July 15, 2005
Italian Village Pins Survival Hopes on Wind Farms
ALBERONA, Italy -- The small, medieval village of Alberona dies after lunch. Only a strong wind sweeps through its empty cobble-stoned streets.
But Mayor Arturo Petti hopes the wind might be just the thing to blow new life into the sleepy southern Italian village.
He wants to build a new wind farm.
"We have discovered our golden resource -- the wind. It's a clean and inexhaustible source of energy, and we're going to take the best advantage of it," said Petti, leafing through projects leading to a better life piled up on his desk.
Alberona perches on the rolling hills that fold out of the Appenine mountains in the Puglia region -- one of the windiest spots in Italy.
More rugged than much-loved Tuscany, the hilltops suddenly sprouted lanky three-armed windmills in the late 1990s as the government offered subsidies as part of a renewable energy push to cut carbon dioxide emissions and stop global warming.
Some decry the metal towers as an eyesore unworthy of a country as beautiful as Italy but for the people of Puglia -- one of its poorest regions with unemployment running at double the national rate of 8 percent -- they are a hope for the future.
The hills around Alberona are already dotted with 60 windmills and Petti wants to host another 60 because the 1.25 million euros ($1.5 million) in royalties from the project would double the village's annual budget.
Government handouts are scarce, so cash from a new wind farm is the only way to create jobs, develop public services and stop people from leaving their birthplace.
"There are no jobs. The young are running away," Petti said.
Only about 1,000 people now live in Alberona, down from 5,000 some 50 years ago. The population could fall to 400 by 2018 as only 40 percent of the villagers now have jobs.
There is no hospital in Alberona and the only bank had to shut earlier this year because it had no business.
The mayor fears that if there is no new investment now, the school will close and trigger an exodus of young people.
"We can't wait," Petti said. "Alberona is on the brink of extinction."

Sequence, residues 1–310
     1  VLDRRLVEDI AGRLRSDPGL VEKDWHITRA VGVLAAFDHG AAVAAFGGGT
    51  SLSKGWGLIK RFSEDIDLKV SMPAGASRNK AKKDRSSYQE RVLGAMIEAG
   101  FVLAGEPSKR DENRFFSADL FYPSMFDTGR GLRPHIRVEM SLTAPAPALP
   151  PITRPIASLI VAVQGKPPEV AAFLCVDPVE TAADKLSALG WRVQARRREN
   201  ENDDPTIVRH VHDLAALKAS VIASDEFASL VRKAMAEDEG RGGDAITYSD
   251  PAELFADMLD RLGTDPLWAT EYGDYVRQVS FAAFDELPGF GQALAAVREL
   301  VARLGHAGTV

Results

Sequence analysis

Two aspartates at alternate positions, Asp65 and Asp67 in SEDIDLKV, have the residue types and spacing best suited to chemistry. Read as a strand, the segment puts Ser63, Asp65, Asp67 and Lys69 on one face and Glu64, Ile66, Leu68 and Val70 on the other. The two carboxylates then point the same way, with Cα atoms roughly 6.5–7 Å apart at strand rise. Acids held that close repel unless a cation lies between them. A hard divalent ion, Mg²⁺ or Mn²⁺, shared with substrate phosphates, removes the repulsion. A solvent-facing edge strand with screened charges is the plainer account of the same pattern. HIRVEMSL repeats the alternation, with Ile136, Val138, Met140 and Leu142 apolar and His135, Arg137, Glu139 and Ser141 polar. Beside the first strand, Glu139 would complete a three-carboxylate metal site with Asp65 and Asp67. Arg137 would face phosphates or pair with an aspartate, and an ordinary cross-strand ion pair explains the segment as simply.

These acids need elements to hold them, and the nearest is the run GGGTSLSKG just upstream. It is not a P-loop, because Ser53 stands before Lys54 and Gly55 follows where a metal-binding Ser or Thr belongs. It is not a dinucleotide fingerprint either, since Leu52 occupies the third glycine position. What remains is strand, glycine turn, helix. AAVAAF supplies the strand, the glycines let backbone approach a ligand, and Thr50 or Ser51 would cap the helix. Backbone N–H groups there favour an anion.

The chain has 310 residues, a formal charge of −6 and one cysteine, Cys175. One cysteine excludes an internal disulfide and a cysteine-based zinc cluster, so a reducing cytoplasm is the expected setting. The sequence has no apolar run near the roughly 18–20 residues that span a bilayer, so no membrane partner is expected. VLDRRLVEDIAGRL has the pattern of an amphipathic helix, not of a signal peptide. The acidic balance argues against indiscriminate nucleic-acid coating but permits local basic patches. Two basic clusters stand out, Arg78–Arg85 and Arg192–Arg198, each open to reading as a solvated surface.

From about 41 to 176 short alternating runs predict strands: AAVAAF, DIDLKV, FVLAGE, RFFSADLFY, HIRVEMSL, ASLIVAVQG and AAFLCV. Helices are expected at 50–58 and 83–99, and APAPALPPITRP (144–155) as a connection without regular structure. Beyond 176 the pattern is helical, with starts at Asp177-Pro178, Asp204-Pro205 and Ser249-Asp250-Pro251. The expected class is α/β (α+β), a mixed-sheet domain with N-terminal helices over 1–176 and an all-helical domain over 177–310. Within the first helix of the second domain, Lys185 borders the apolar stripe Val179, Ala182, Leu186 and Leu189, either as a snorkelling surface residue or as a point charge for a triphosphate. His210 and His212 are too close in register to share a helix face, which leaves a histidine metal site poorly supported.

PLANS AT RISK
If the new wind farm goes ahead, Petti hopes to scrap local taxes, invest in crumbling roads, infrastructure and public services, offer free school lunches and give families 1,000 euros for every baby they have and any child who goes to school.
But the plan is at risk because Puglia's authorities want to suspend building new wind farms until the region, which already produces more electricity than it needs, creates a general energy program.
"We need a clear plan outlining our energy needs and supplies," said Michele Losappio, the regional official in charge of environmental issues.
"We want to avoid uncontrolled, wild wind farming. Otherwise we'll turn into a pin cushion."
Losappio said Puglia already produced about 227 megawatts of wind power and that projects to build wind farms with a capacity of up to 1,200 MW are at different stages of approval.
But the region, also known as Apulia, does not need that much wind power, he said.
Alberona's planned new turbines would produce 120 MW a year.
Environmental activists said authorities should not waste their time struggling with environmentally-friendly power production but rather fight against pollution from traditional fuel-fired energy plants.
But local opposition to the strangely silent, up to 100-meter turbine towers is growing across Italy, which makes about 1.5-2.0 percent of its power from wind.
The island of Sardinia, another big producer of wind power, blocked all new projects last year, saying the windmills scarred its landscape.
Enel, Italy's biggest utility and a leader in wind power, says that the difficulty in getting permits to develop renewable energy projects in Italy have forced it to turn its eyes to Latin America and Spain.
Elsewhere in the world, people have questioned whether wind power is viable not least because while the turbines generate green energy, they can also disturb the local flora and fauna.
Energy experts say that clean energy output will grow as Italy tries to stick to the Kyoto protocol guidelines aimed at reducing global warming. But they say that wind farms will never significantly curb gas and coal plants.
"Industry needs thousands of megawatts of energy. In order to produce it with wind farms, we would have to stick wind turbines on every roof," Puglia's Losappio said.
But Petti said he would not give up and mayors from 20 nearby, equally poor villages have joined a petition asking regional authorities to drop the idea of the moratorium on new wind farms.
"Of course they are not a pretty sight," said Giovanni, a bus driver, pointing at the windmills dotting the horizon.
"But they give us jobs, they give us our daily bread."